Find Available Ubuntu Images
Run the following multipass command to see a list of available multipass images from which you can download and create an instance:
$ multipass find
Download Ubuntu Image
Once you’ve identified which Multipass image to use, use the
launch command to download, create, and launch a local Ubuntu instance from it.
This example demonstrates how to use the Ubuntu 22.04 image:
$ multipass launch 22.04
launch failed: Another virtual machine manager is currently running. Please shut it down before starting a Multipass instance.
To proceed, shut down the other virtual machine. Then try running multipass again.
If your launch command was successful, the Ubuntu image was downloaded, and the local Ubuntu instance was created and started, the instance should have a name randomly generated by Multipass. As indicated in the screenshot, the instance name, in this case, is validating-goat.
The new instance is launched by default with 1 CPU, 1GB of RAM, and 5GB of storage space.
List all Available Instances
list command lists all the created local instances and some of their properties:
$ multipass list
You can use the
info command to display information about an instance, such as its state, IP address, release, image hash, number of CPU(s), load, disk usage, memory usage, and mounts, as seen in the following screenshot:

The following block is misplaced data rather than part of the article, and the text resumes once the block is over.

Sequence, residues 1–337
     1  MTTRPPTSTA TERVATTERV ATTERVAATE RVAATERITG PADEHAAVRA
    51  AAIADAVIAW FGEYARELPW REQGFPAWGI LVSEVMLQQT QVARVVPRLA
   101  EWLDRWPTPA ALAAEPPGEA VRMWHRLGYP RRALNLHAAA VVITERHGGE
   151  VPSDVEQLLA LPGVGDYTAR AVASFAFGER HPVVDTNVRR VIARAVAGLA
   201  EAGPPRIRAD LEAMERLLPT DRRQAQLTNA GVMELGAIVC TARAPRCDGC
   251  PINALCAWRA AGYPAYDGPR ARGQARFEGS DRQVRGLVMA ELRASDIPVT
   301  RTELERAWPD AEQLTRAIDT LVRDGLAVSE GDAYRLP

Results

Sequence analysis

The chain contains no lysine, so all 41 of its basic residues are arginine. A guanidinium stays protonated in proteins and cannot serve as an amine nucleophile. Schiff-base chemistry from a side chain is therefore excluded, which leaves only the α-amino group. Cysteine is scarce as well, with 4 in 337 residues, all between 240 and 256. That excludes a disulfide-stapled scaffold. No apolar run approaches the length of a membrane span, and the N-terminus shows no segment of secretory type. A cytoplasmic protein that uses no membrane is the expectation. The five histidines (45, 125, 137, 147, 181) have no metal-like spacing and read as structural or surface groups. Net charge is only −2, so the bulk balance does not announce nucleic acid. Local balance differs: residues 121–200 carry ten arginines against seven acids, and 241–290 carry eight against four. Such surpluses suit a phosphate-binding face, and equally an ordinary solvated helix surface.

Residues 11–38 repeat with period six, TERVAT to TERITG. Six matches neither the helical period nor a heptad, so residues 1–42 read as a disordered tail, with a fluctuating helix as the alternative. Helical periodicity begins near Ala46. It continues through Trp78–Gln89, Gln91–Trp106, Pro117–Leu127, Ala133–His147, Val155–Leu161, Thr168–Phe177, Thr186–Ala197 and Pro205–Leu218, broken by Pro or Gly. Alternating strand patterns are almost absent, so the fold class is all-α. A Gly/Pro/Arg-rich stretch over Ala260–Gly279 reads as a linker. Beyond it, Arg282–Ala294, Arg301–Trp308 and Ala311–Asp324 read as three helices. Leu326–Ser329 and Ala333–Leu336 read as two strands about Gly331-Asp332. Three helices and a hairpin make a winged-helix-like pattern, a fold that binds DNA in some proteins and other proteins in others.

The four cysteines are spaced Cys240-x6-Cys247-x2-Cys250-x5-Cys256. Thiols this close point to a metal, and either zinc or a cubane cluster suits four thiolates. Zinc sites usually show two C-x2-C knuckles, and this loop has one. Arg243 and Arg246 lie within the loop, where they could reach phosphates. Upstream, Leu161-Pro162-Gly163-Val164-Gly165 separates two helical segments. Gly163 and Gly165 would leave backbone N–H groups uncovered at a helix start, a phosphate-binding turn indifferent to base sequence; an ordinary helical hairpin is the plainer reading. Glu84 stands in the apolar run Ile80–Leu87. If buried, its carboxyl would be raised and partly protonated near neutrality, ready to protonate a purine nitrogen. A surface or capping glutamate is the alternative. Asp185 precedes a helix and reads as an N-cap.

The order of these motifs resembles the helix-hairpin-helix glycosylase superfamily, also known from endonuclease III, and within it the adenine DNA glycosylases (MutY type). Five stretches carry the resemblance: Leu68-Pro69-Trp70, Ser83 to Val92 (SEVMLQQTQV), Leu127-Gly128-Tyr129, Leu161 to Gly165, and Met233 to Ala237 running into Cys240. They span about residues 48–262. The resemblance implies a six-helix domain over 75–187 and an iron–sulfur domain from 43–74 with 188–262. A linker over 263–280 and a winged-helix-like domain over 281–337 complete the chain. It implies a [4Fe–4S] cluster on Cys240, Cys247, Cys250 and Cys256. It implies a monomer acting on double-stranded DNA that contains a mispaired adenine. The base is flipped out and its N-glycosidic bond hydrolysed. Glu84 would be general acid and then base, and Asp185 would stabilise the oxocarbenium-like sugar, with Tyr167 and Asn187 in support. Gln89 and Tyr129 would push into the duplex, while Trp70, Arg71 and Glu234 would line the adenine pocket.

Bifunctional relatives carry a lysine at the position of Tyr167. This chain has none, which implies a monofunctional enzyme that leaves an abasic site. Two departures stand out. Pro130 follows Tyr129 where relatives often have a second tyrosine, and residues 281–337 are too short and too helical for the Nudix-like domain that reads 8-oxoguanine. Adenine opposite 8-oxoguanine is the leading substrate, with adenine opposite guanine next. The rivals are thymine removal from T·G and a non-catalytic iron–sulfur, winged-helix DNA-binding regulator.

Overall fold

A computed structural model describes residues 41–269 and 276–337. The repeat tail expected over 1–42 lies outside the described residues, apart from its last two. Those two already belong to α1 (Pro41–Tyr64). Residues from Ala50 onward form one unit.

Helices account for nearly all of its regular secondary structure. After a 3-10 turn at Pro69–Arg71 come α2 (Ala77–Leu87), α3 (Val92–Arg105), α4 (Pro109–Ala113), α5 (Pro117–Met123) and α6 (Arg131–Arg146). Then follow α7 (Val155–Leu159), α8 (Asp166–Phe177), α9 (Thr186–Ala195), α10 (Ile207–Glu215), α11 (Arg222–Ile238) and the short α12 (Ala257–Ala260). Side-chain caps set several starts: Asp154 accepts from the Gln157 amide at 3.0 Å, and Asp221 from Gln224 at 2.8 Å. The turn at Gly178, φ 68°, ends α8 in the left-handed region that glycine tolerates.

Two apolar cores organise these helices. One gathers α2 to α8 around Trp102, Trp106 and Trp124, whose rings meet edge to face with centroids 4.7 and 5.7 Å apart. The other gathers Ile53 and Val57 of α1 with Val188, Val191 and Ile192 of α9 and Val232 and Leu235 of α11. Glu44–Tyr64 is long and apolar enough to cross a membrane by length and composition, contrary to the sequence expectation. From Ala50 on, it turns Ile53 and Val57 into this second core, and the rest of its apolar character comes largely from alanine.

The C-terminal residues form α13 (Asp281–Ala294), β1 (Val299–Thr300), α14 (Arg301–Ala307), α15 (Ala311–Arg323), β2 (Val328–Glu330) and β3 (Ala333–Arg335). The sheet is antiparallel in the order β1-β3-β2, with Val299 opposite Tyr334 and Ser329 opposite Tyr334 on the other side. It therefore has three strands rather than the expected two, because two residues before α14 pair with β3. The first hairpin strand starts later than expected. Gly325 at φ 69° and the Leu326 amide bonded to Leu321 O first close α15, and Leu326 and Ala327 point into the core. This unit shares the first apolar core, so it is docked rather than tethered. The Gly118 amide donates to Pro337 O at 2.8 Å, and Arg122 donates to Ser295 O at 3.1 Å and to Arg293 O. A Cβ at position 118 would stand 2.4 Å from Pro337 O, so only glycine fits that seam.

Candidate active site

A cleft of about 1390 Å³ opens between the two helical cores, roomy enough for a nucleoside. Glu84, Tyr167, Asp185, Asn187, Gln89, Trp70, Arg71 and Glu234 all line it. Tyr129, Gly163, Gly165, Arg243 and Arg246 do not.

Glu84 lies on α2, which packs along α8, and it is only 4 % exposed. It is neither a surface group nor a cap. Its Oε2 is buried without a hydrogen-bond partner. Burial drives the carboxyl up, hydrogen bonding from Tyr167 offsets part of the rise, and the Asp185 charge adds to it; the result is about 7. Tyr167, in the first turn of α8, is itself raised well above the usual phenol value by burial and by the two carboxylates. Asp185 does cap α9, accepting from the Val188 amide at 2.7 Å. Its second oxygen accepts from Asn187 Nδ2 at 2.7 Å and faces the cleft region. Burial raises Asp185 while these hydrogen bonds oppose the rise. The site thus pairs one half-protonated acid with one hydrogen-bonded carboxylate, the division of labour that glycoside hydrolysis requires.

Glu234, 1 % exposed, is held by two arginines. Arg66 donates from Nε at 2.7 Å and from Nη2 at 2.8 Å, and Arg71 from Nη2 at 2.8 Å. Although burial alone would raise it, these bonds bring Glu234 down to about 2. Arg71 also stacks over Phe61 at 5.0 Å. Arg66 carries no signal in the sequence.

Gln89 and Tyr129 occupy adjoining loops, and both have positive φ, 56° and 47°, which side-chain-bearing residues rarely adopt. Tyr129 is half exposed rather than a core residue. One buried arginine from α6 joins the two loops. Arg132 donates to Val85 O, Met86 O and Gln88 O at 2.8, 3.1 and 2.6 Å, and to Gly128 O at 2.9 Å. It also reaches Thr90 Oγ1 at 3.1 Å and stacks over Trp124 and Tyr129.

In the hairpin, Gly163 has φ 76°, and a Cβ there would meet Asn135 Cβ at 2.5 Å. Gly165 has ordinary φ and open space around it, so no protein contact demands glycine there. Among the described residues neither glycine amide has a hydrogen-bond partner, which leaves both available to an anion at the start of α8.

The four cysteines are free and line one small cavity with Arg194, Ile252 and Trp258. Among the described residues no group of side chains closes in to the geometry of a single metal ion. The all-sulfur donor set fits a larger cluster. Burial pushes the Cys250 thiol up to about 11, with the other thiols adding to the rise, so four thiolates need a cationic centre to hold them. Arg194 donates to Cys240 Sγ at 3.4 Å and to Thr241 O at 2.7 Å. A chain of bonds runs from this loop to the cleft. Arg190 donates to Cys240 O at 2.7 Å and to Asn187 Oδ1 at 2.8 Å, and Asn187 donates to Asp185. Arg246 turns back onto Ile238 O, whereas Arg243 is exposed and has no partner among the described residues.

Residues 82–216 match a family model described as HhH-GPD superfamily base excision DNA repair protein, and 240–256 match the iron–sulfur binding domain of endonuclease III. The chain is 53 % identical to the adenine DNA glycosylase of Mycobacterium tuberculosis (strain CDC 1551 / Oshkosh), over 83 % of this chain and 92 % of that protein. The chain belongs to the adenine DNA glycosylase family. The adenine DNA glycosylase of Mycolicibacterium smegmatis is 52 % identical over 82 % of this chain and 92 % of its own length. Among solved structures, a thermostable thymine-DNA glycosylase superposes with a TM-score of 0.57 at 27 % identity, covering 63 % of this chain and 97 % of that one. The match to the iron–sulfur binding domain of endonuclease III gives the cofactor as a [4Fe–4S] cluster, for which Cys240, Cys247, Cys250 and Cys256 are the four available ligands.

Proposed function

$ multipass info validating-goat
Open Shell in Ubuntu Instance
To launch a shell in a running instance (for example, validating-goat), use the
$ multipass shell validating-goat
After launching a shell into a running instance, you can run commands on it normally. For example, you can update the apt package index on it as shown.
$ sudo apt update
Start or Stop Instances
To stop or start an instance, use these commands, respectively:
$ multipass stop validating-goat $ multipass start validating-goat
Delete a Local Instance
To delete a local instance, whether it is in running or stopped, use the
delete command as shown.
$ multipass list $ multipass delete exalted-meerkat
Start an Instance with Custom Settings
You can also launch an instance with customized specifications (such as name, number of CPU(s), RAM size, and disk size as shown.
$ multipass launch 22.04 --name tecmint-test --memory 1G --disk 10G --cpus 2 $ multipass info tecmint-test
Run a Web Server in Your Ubuntu Instance
Let’s look at how to use your local Ubuntu instance. This example shows how to install and run a basic NGINX web server as shown:
$ multipass shell tecmint-test $ sudo apt update $ sudo apt install nginx
After installing NGINX, the service should be started automatically (this is a known behavior on on Ubuntu and its derivatives). Use the following systemctl command to ensure that it is up and running:
$ systemctl status nginx
Now use your running instance’s IP address (which you can get from the list of local instances) to make a request to NGINX and view the default welcome web page, as shown in the following screenshot.
Uninstall Multipass on Linux
To remove Multipass from your computer, run the following command:
$ sudo snap remove multipass
For more information about Multipass command-line options, run the following command:
$ multipass -h
You’ve successfully installed Multipass and learned how to use it to launch and manage Ubuntu instances on your computer quickly, efficiently, and reliably.